NEW YORK — Hackers have made public the private information of millions of users of Ashley Madison, which promotes itself as the go-to website for infidelity. Its motto: “Life is short. Have an affair.”
The hackers have also released financial information about the company that runs it, Avid Life Media, and the emails of its CEO. The hackers say they aren’t done yet.
Here are the latest developments in the Ashley Madison hack. Last updated: August 24, 6 am ET (10 am GMT).
1. Emails and other private information of some 15,000 U.S. government accounts are exposed. Among them: Multiple Department of Justice lawyers and an IT specialist for the Department of Homeland Security who used personal email accounts but accessed government computer servers.
2. The government accounts include some with .mil emails. Adultery is against the Code of Conduct for members of the U.S. armed forces. Defense Secretary Ash Carter says on August 20 that the Pentagon is investigating.
3. Spammers try to extort people whose information was made public. One group, for example, sends emails to Ashley Madison users demanding one bitcoin (around $225) to prevent information from being shared.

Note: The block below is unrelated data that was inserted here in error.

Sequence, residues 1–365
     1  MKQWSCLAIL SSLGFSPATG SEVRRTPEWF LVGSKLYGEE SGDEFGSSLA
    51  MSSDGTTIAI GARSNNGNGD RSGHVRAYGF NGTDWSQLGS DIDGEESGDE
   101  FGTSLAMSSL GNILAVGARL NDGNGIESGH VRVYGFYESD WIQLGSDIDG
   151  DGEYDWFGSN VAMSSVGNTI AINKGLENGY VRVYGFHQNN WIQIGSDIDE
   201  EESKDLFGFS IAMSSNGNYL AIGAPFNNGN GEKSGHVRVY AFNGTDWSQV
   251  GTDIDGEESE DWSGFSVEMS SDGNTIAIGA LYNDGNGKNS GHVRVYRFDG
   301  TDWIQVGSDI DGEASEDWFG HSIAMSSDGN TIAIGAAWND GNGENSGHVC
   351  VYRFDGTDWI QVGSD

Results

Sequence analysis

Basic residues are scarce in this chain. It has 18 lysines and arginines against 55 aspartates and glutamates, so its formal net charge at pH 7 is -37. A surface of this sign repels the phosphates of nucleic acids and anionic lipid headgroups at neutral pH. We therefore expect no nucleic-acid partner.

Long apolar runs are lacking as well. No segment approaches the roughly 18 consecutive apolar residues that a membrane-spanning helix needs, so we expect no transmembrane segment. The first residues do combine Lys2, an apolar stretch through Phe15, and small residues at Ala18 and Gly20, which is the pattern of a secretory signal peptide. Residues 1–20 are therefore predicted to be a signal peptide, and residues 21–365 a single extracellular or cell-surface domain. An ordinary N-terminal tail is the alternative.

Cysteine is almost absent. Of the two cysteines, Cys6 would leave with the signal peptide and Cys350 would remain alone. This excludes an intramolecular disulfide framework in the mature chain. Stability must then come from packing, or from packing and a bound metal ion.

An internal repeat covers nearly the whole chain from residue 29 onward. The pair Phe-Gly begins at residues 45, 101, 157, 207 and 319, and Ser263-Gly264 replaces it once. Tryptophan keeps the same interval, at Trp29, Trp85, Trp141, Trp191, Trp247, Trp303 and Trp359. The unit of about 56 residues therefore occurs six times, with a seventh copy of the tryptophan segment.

4. Several people directly affected by the data breach tell CNNMoney the stolen documents contain information that will be used in divorce proceedings. Exposed customers are concerned about getting fired from their jobs.
5. Avid Life Media, which owns the Ashley Madison website, tries to stop the spread of the leaked data. It issues copyright takedown notices to multiple sites that hosted or linked to stolen information, including Twitter.
6. The hackers release their third batch of stolen information on August 21, fixing a file containing Avid Life Media CEO Noel Biderman’s emails that had been corrupted.
7. Information containing Biderman’s emails is released on August 20, but the file becomes corrupted so it can’t be fully accessed by the public.
8. Two Canadian law firms say on August 20 that they have filed a $760 million suit against Avid Life Media. The lead plaintiff is described as a “disabled widower” who briefly joined the site after the death of his wife but never met anybody in person.
9. The stolen database of people who used Ashley Madison makes its way to the Web on August 19, making it easily searchable on several websites.
10. The first data dump is discovered on August 18. The hackers post the names, partial credit card numbers, email and physical addresses, and sexual preferences of 32 million customers on the so-called Dark Web, meaning they are public but hard to find for ordinary Internet users.
11. The hack is revealed by security expert Brian Krebs in a blog post on July 19. Hackers calling themselves the “Impact Team” say they will release sensitive data if the site is not shut down. Avid Life Media says on July 20 it is working with law enforcement in the United States and in Canada, where the company is based. “The criminal, or criminals, involved in this act have appointed themselves as the moral judge, juror, and executioner, seeing fit to impose a personal notion of virtue on all of society.”